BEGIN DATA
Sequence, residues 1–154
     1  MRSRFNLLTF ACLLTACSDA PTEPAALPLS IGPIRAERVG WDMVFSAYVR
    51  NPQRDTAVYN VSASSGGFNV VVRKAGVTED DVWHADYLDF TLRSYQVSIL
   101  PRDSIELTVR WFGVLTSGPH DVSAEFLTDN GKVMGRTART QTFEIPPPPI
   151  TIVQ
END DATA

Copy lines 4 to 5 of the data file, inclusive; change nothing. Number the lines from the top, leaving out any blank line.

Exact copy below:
   101  PRDSIELTVR WFGVLTSGPH DVSAEFLTDN GKVMGRTART QTFEIPPPPI
   151  TIVQ